State government’s computers so primitive they’re tough to hack

State government’s computers so primitive they’re tough to hack

The hack of Sony Pictures by shadowy types believed associated with the North Korean government took another twist on Christmas Eve when Sony went ahead and released “The Interview” on YouTube after initially caving to hackers’ demands and scrapping plans for any release of the crude, Pyongyang-mocking comedy. But the hack still portends a new era in which large institutions are targeted not just to steal secrets but for other purposes — starting with embarrassment and manipulation.

So which sort of institution is particularly vulnerable? One would think the state of California because of its long history of incompetence in upgrading and installing computer systems.

old.computersThis is from a 2010 Sac Bee story about the state being unable to adjust paychecks to reflect fewer hours paid during a furlough:

“California’s payroll computer system is so old that it relies on programming language, Common Business Oriented Language, or COBOL, that was introduced in the late 1950s, popularized in the 1960s and 1970s, and is no longer routinely taught to programmers.

“’When I was studying computer science in India, in 1973, none of us wanted to study because it was considered old-fashioned back then,’” said Prem Devanbu, computer science professor at the University of California, Davis.

State agency overwhelmed by computer chores

This is from a Governing magazine story the same year:

Dale Jablonsky, who until August was CIO of the California Employment Development Department (EDD), knows the situation all too well. The EDD runs California’s unemployment insurance program, where caseloads skyrocketed during the current recession. As the economic downturn deepened, Congress repeatedly extended the length of time individuals could draw unemployment benefits.

“In all, federal lawmakers approved seven benefit extensions since the recession began — and each was a nightmare for the EDD. Every extension requires changes to several hundred interconnected computer programs in the EDD’s eligibility system. Those programs are written in common business oriented language (COBOL), an ancient programming language, and modifications must be hand-performed by increasingly rare — and expensive — COBOL experts.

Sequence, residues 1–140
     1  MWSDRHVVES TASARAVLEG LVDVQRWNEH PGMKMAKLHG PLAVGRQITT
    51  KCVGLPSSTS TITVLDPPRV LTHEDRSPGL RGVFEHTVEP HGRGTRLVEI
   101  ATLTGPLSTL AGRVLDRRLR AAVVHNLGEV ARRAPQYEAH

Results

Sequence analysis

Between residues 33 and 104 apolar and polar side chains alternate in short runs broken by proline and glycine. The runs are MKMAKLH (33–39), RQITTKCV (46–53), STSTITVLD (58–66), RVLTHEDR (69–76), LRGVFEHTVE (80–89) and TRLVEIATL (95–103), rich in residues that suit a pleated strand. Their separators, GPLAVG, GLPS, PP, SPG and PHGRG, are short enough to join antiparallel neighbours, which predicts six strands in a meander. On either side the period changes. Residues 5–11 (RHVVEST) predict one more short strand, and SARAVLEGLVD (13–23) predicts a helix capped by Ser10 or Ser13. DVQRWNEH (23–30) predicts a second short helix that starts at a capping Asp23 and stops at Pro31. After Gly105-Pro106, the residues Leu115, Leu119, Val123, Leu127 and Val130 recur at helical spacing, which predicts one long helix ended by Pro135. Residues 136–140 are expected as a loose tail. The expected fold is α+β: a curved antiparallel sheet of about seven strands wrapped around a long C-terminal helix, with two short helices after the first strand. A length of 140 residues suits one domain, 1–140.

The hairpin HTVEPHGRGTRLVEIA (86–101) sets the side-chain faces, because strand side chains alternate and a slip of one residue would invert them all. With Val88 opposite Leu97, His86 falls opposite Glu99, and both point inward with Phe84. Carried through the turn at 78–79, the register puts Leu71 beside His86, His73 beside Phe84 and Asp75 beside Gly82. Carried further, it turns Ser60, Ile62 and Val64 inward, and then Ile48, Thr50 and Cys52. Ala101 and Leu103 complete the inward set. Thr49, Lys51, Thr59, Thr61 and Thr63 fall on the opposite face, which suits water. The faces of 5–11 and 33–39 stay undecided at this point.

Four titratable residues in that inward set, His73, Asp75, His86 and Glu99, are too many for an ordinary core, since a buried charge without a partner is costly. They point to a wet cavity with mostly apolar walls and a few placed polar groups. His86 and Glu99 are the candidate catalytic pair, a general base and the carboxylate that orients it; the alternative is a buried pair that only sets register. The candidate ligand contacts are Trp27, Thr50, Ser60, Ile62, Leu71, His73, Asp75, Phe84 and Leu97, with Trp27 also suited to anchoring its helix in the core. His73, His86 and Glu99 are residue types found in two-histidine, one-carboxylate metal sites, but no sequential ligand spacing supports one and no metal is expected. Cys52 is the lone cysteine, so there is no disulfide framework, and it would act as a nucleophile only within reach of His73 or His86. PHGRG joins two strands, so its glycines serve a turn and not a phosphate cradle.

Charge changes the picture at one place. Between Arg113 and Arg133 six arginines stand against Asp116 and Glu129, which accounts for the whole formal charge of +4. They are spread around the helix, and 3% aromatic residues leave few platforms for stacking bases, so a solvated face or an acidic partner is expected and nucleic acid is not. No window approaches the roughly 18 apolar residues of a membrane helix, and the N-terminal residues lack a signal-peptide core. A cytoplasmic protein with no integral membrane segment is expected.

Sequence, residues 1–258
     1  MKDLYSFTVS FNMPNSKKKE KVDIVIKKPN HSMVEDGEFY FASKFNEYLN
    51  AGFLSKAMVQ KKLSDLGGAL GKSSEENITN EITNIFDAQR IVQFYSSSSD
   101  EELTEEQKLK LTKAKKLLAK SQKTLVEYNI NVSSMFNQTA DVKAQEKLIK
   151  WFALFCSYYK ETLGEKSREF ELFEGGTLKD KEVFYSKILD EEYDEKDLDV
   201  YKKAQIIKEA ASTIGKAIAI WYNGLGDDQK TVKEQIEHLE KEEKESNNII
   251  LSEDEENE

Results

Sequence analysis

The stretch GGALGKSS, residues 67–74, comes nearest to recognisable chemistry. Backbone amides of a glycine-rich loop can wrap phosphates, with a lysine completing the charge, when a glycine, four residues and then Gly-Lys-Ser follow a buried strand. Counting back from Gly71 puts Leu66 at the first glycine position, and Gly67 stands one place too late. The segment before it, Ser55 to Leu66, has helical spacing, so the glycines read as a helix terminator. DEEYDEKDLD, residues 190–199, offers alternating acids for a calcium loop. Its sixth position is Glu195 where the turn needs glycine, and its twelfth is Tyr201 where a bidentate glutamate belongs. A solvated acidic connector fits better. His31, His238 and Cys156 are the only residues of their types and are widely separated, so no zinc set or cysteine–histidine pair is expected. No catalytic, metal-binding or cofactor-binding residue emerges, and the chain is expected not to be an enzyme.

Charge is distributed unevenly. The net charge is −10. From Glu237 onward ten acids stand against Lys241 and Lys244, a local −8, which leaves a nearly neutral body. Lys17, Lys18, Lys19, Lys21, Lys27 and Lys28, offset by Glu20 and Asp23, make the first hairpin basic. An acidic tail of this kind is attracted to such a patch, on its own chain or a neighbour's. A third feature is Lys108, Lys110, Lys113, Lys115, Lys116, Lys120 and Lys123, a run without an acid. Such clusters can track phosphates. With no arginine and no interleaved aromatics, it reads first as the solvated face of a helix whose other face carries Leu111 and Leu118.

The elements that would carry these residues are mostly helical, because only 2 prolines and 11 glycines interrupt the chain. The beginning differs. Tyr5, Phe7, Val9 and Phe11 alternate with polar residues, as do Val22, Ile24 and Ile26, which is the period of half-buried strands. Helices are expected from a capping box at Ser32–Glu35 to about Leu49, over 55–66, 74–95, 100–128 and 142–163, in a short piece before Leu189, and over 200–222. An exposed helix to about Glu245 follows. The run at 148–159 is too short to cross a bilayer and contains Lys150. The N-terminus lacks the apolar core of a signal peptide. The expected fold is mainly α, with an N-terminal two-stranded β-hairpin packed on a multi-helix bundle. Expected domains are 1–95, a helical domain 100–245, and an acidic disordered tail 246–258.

“’It typically takes two to three weeks to implement changes, depending on how complex the federal legislation is,’ Jablonsky says. ‘Sometimes the legislation is so complex it takes five to six weeks to implement.’ Indeed, implementing one particularly complex piece of legislation in late 2009 required changes to 650 programs in the EDD system. The resulting delay in mailing unemployment checks made front-page news throughout the state … .”

COBOL not hospitable to hackers

Oddly enough, however, using a computer language invented in 1959 actually is a deterrent to hackers. Computer World explained why in 2000. COBOL is a …

… simple language that’s so easy to read, it’s impossible to hide malicious programs. A language for mainframe data locked securely behind tried-and-tested access controls like the Resource Access Control Facility (RACF), Top Secret and ACF2…. Checking code for malicious programs is easy in COBOL.

COBOL can be part of a larger security problem when programmers try to connect it with newer software that can be accessed over the Internet. But by itself, its backwardness is an asset.

So now the government in the state that’s home to Silicon Valley and the birth of the information technology revolution has a reason to remain trapped in the mid-20th century on its IT.

Merry Christmas!

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